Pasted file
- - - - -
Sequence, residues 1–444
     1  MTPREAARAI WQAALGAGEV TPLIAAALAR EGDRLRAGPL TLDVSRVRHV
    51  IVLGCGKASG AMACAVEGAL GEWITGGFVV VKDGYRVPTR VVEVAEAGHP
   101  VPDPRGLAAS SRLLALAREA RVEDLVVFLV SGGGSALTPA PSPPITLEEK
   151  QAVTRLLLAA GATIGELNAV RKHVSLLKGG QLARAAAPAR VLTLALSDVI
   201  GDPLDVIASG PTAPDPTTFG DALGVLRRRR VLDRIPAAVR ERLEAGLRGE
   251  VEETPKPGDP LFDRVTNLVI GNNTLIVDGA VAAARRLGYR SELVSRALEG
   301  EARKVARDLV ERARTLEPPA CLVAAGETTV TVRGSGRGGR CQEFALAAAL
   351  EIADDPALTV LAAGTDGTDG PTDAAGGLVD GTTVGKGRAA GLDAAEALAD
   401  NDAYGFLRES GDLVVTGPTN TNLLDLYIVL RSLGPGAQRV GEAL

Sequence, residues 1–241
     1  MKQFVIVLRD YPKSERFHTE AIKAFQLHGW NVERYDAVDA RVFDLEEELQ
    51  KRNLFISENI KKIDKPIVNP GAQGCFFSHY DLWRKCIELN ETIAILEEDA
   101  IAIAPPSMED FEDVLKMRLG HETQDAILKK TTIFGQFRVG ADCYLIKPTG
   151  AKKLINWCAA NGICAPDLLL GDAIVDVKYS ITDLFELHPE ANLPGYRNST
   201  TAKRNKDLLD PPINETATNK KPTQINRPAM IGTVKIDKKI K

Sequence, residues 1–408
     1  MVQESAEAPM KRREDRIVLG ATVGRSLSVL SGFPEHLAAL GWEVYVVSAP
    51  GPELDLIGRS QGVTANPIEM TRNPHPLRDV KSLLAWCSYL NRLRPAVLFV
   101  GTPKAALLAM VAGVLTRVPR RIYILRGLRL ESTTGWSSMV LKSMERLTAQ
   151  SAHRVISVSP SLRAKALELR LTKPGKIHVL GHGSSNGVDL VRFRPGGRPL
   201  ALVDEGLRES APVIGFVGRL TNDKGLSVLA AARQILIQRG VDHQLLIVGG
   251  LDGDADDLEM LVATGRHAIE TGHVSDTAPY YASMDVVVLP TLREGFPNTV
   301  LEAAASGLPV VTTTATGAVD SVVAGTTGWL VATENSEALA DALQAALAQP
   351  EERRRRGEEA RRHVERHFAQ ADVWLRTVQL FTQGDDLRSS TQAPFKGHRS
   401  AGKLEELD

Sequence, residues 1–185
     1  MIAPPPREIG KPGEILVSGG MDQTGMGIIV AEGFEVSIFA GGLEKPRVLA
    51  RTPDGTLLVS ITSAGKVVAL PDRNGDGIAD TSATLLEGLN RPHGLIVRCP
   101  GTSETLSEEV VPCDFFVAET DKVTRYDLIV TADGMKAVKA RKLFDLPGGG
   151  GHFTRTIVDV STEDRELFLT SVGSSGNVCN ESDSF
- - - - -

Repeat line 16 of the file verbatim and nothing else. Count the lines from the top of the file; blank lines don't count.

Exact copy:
   201  TAKRNKDLLD PPINETATNK KPTQINRPAM IGTVKIDKKI K